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The Heart of the World is a short film written and directed by Guy Maddin, produced for the 2000 Toronto International Film Festival. Maddin was one of a number of directors (including Atom Egoyan and David Cronenberg) commissioned to make four-minute short films that would screen prior to the various feature films at the 2000 festival.[1][2] After hearing rumours that other directors were planning films with a small number of shots, Maddin decided that his film would instead contain over 100 shots per minute, and enough plot for a feature-length film. Maddin then wrote and shot The Heart of the World in the style of Russian constructivism, taking the commission at its literal face value, as a call to produce a propaganda film. Even in its expanded, 6-minute version, The Heart of the World runs at a breakneck speed, averaging roughly two shots per second, a pace intensified by the background music, Time, Forward! by Georgy Sviridov.

The Heart of the World
Directed byGuy Maddin
Produced byNiv Fichman
Jody Shapiro
Written byGuy Maddin
StarringLeslie Bais
Caelum Vatnsdal
Shaun Balbar
Music byGeorgy Sviridov
CinematographyGuy Maddin
Edited byDeco Dawson
Guy Maddin
Release date
Running time
6 min.


Plot summaryEdit

The plot of The Heart of the World concerns two brothers, Osip and Nikolai, who compete for the love of the same woman: Anna, a state scientist studying the Earth's core. Anna discovers that the heart of the world is in danger of a fatal heart attack (which would mean the end of the world), and the brothers compete amongst the public panic. Nikolai is a mortician and tries to impress Anna with assembly-line embalming, while Osip is an actor playing Christ in the Passion Play and tries to impress Anna through his suffering. Anna is instead seduced by an evil capitalist, but has a change of heart and strangles the plutocrat, then slides down into the heart of the world, where she manages to save the world from destruction by transforming into cinema itself, the world's "new and better heart — Kino!"[3]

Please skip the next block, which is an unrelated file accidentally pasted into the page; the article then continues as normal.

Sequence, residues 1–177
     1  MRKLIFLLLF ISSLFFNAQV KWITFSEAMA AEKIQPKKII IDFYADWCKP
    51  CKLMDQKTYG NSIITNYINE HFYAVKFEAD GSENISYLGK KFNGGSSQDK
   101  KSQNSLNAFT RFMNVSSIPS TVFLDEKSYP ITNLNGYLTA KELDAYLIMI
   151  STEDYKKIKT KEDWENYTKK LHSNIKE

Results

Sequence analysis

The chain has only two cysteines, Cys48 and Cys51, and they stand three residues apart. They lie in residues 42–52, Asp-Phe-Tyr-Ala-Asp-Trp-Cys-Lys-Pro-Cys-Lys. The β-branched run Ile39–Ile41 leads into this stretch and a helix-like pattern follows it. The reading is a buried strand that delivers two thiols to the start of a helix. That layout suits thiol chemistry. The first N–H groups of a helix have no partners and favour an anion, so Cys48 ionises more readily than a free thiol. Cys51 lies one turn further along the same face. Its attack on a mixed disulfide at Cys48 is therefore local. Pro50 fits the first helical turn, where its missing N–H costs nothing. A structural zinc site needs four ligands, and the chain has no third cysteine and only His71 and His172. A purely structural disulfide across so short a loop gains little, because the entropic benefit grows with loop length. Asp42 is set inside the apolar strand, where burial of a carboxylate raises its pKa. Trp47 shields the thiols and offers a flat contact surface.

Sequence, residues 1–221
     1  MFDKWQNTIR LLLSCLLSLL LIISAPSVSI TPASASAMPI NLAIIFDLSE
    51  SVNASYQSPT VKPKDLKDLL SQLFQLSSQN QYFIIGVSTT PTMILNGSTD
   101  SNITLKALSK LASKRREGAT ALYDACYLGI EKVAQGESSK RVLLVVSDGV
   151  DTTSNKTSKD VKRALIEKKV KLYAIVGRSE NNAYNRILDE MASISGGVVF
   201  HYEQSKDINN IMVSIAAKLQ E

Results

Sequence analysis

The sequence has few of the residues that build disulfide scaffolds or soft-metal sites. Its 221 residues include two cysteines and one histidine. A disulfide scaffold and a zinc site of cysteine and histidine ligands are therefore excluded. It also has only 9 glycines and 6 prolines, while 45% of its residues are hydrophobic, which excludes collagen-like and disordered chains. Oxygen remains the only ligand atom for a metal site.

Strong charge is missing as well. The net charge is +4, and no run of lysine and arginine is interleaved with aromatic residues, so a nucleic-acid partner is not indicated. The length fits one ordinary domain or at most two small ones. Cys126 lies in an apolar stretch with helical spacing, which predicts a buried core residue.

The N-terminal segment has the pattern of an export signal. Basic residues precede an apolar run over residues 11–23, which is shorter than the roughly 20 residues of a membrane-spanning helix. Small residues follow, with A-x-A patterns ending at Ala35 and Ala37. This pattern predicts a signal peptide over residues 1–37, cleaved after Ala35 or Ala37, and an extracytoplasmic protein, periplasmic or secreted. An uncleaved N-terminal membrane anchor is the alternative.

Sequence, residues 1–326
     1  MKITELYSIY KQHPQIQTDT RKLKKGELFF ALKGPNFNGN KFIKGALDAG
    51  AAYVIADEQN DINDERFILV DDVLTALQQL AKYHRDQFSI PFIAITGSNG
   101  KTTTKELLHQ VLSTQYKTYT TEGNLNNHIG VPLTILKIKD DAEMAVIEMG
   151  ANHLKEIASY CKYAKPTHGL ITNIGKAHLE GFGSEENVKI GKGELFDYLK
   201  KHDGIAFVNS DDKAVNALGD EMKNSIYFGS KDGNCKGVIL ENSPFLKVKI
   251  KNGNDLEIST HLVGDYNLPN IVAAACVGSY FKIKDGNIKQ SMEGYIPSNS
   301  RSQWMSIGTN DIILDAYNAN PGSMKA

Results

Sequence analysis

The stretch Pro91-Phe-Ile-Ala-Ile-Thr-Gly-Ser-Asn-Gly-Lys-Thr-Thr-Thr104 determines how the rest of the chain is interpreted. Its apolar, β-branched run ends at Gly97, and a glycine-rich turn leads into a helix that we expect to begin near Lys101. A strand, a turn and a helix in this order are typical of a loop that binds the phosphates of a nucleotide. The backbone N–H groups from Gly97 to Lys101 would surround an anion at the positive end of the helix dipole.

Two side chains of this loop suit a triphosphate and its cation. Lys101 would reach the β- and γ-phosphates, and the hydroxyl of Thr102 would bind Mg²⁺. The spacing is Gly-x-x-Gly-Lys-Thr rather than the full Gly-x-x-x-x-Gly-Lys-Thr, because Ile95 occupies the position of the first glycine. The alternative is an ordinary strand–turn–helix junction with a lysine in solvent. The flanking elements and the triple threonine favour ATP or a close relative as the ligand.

Leslie Bais as Anna
Caelum Vatnsdal as Osip
Shaun Balbar as Nikolai
Greg Klymkiw as Akmatov

Awards and nominationsEdit

Genie Award:

  • Win: Best Short

Aspen Shortsfest:

  • Win: Best Cinematography

Brussels International Festival of Fantasy Film:

  • Win: Special Mention – Short Film

Miami Film Festival:

  • Win: FIPRESCI Prize, Best Short Subject

National Society of Film Critics Awards

  • Win: Best Experimental Film—the same award Maddin won in 1991 for Archangel.[2]

San Francisco International Film Festival

  • Win: Film & Video – Short Narrative, Golden Gate Award – Guy Maddin


  1. ^ Vatnsdal, Caelum. Kino Delirium: The Films of Guy Maddin. Winnipeg: Arbeiter Ring Publishing, 2000. Print. ISBN 1-894037-11-1
  2. ^ a b "Guy Maddin: Imagining 'entirely original worlds'". Canada Council for the Arts. Archived from the original on 2013-06-01. Retrieved 2012-12-12.
  3. ^ The Guy Maddin Collection. Dir. Guy Maddin. Zeitgeist Video, 2002. DVD.

External linksEdit